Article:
Previous: 1 (315 points)
Highest Drafted Player – Quinnen Williams, 3rd Overall, 2019
Alabama continues to raise the bar. After claiming his sixth national championship since taking over for the Tide in 2009, Nick Saban tied the 2004 Miami Hurricanes when six of his players were drafted in the first round of 2021. Somehow, the Tide keep increasing their point total. After Ohio State pulled within 30 points a year ago, Alabama has stretched their lead to nearly 100 points again. No one is touching them for a while.

Ohio State Logo

2. Ohio State Buckeyes – 248 points
Previous: 2 (285 points)
Highest Drafted Player – Nick Bosa/Chase Young, 2nd Overall, 2019/2020
At first glance, it might seem like the Buckeyes had a rough 2021 draft. It was solid if unspectacular, but their massive drop in points is mostly due to losing out on a 2016 draft class that featured 12 players, including five first-rounders. Ohio State is not going anywhere, but after seeming like they were primed to challenge Alabama for the top spot a year ago, this was a disappointing follow up.

Louisiana State University logo

3. LSU Tigers – 215 points
Previous: 3 (202 points)
Highest Drafted Player – Joe Burrow, 1st Overall, 2020
The championship hangover hit the Bayou hard as LSU struggled to a 5-5 finish. Still, the Tigers had seven players drafted, highlighted by Ja’Marr Chase going in the top 5. There is already buzz about another potential top-five prospect in Derek Stingley Jr., so I think LSU is here to stay. They will need to pick it up in the first few rounders though if they want to stay in the top three.

MichiganWolverines

4. Michigan Wolverines – 170 points
Previous: 6 (144 points)
Highest Drafted Player – Devin Bush, 10th Overall, 2019
I said it last year and I will say it again, Jim Harbaugh, despite all his flaws running this program, knows how to get players to the NFL. Michigan saw eight of its football alumni have their names called across the three days of the 2021 draft in April. Kwity Paye led the way going 21st overall. There are already a few players in the top 50 conversation heading into this season, so the Wolverines could climb even higher.

Florida logo.jpg

5. Florida Gators – 167 points
Previous: 5 (161 points)
Highest Drafted Player – Kyle Pitts, 4th Overall, 2021
Florida’s draft success took another step forward as Kyle Pitts became the Gators’ first top-five pick since Dante Fowler back in 2015. Pitts kicked off a good-sized draft class, with eight former Florida players coming off the board on draft day. With tons of NFL-caliber talent still on this roster and Dan Mullen still running the show, Florida is going to stick among college football elites in this category.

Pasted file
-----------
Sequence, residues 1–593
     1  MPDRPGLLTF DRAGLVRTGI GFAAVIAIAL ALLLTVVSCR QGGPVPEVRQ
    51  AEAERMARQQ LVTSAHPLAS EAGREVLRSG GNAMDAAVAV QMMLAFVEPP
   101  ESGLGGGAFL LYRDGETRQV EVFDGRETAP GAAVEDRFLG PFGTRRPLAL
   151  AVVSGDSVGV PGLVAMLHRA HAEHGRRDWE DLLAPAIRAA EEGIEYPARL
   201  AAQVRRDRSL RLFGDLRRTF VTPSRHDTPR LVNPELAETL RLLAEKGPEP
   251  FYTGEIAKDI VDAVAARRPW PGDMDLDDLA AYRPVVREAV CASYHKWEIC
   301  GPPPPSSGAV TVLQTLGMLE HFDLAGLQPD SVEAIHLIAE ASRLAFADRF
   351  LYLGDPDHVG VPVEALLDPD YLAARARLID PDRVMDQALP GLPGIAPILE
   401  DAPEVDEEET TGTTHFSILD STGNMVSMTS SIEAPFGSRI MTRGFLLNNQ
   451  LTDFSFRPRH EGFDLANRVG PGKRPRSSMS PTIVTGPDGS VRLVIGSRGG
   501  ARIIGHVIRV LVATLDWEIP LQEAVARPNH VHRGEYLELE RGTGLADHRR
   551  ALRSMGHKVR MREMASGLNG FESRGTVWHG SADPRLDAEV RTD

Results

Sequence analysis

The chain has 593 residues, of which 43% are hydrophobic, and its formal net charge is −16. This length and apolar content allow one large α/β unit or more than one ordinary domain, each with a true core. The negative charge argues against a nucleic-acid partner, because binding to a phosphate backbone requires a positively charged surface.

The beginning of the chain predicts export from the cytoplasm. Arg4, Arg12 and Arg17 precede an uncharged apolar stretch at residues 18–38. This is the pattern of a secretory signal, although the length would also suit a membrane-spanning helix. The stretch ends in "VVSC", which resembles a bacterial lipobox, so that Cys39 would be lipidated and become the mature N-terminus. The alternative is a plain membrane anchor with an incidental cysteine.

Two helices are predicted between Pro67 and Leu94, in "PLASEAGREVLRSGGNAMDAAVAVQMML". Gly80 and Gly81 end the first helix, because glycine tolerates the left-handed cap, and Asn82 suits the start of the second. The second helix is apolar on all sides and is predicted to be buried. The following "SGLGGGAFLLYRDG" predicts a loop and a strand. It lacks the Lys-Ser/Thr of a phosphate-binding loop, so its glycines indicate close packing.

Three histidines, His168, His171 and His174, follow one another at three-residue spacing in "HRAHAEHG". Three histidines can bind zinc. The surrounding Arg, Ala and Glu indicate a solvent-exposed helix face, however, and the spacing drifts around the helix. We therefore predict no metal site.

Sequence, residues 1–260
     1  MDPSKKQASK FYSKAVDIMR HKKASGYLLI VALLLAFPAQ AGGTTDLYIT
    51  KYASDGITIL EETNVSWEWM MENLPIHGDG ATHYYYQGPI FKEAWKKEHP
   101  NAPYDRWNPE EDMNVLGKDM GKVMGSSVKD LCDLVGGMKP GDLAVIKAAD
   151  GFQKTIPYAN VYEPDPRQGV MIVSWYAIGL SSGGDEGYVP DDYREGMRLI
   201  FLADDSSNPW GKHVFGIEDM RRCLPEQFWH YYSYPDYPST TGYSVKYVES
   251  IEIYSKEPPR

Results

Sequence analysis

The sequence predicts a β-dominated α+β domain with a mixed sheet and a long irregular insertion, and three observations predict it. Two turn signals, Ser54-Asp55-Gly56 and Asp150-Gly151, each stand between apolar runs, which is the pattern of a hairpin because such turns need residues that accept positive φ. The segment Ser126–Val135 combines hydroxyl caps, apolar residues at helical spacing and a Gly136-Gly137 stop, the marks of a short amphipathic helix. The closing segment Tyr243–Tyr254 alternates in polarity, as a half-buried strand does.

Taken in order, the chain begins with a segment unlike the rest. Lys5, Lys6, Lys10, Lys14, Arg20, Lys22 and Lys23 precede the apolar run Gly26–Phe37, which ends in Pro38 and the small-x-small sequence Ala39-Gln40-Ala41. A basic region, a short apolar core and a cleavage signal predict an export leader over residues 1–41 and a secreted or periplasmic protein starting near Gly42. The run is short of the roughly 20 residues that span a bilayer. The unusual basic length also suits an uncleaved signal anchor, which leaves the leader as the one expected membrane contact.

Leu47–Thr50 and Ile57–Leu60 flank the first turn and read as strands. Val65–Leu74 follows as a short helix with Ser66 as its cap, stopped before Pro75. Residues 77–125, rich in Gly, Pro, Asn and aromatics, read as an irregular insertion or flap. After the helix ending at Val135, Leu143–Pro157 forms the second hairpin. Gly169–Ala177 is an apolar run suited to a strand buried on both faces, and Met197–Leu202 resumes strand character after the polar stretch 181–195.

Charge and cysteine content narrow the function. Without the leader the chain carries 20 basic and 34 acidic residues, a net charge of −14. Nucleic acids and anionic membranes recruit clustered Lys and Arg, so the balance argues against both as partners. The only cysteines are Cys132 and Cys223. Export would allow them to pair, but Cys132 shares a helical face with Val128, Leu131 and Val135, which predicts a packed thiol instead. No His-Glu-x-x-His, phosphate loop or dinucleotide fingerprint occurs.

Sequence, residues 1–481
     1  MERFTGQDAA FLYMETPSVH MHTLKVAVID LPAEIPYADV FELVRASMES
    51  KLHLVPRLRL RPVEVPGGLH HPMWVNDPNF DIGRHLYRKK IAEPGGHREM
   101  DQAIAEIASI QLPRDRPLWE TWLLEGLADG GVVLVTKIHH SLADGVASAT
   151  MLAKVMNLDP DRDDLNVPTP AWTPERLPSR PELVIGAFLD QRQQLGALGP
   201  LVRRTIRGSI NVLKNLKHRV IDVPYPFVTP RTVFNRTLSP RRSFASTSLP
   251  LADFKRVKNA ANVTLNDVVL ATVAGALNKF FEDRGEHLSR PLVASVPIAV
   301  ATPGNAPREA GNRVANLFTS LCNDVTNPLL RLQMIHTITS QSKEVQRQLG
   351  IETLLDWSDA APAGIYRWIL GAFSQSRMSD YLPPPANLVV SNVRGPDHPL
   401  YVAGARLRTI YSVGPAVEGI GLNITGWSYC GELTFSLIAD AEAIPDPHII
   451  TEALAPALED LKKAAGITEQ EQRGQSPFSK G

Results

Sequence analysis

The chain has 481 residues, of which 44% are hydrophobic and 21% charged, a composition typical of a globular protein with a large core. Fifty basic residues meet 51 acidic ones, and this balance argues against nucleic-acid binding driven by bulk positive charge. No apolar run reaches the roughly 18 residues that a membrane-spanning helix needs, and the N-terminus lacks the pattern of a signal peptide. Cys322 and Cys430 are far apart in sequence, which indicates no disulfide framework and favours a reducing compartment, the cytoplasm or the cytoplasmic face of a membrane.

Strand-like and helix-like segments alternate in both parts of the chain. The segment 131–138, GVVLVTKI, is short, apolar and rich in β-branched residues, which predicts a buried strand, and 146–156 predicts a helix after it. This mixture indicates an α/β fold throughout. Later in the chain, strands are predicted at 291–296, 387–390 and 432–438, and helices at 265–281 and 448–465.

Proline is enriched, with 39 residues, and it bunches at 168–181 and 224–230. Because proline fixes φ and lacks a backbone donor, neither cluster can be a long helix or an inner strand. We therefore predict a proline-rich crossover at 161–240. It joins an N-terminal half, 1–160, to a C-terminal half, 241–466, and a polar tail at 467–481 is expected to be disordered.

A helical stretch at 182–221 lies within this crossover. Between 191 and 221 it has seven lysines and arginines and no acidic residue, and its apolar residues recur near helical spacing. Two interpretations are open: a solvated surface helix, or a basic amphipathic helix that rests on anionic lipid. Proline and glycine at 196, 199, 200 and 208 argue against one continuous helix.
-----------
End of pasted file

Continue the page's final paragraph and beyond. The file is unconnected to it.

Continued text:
Clemson Logo

6. Clemson Tigers – 165 points
Previous: 4 (171 points)
Highest Drafted Player – Trevor Lawrence, 1st Overall, 2021
It feels weird that Clemson would have the No. 1 overall pick and somehow move down two spots after dropping a few points. The Tigers had a solid draft class of five players. Trevor Lawrence and Travis Etienne were both first-round selections. This is not a huge blow for Clemson, but I think it underlines just how hard it is to produce top-end NFL prospects.

Georgia Logo

7. Georgia Bulldogs – 153 points
Previous: 9 (131 points)
Highest Drafted Player – Roquon Smith, 8th Overall, 2018
Kirby Smart feels like he is just getting started. Georgia had nine players drafted in 2021, including three in the top 50. With a loaded roster heading into 2021 with some big-name prospects already drawing national attention, the Bulldogs are primed for future success. J.T. Daniels, Adam Anderson, Nakobe Dean and Jordan Davis could all come off the board in the top 50 in 2022.

Oklahoma Logo

8. Oklahoma Sooners – 138 points
Previous: 8 (133 points)
Highest Drafted Player – Baker Mayfield/Kyler Murray, 1st Overall, 2018/2019
This was a quiet draft by Oklahoma standards. 2021 snapped a three-year streak of having a player selected in the first round and only two players went in the top 100. That should change in 2022, with Spencer Rattler in the Heisman conversation and some other prospects receiving first-round buzz. As long as Lincoln Riley is in Norman, the Sooners are going to be in the top 10.

Washington Huskies logo.jpg

9. Washington Huskies – 132 points
Previous: 10 (110 points)
Highest Drafted Player – John Ross, 9th Overall, 2017
If you are a high school prospect with NFL aspirations looking to play on the West Coast, Washington should probably be at the top of your wish list. It remains to be seen if Jimmy Lake can sustain the success Chris Pederson built. If 2021 was any indication, the program should be fine. Joe Tryon snuck into the first round and Levi Onwuzurike was not far behind him. Four former Huskies heard their names called and there should be a few more to follow in 2022.

Notre Dame Logo

10. Notre Dame Fighting Irish – 130 points
Previous: 7 (136 points)
Highest Drafted Player – Quenton Nelson, 6th Overall, 2018
Hate on the Irish all you want, Brian Kelly is producing NFL prospects at a high level. It was the second year in a row that Notre Dame did not have a first-round pick, but they somewhat made up for that with three second-rounders. Kyle Hamilton will almost definitely snap that streak next year. With a very small draft class in 2017, the Irish should be in a good spot to add more points in 2022.

Penn_State_text_logo

11. Penn State Nittany Lions – 109 points
Previous: 13 (100 points)
Highest Drafted Player – Saquon Barkley, 2nd Overall, 2018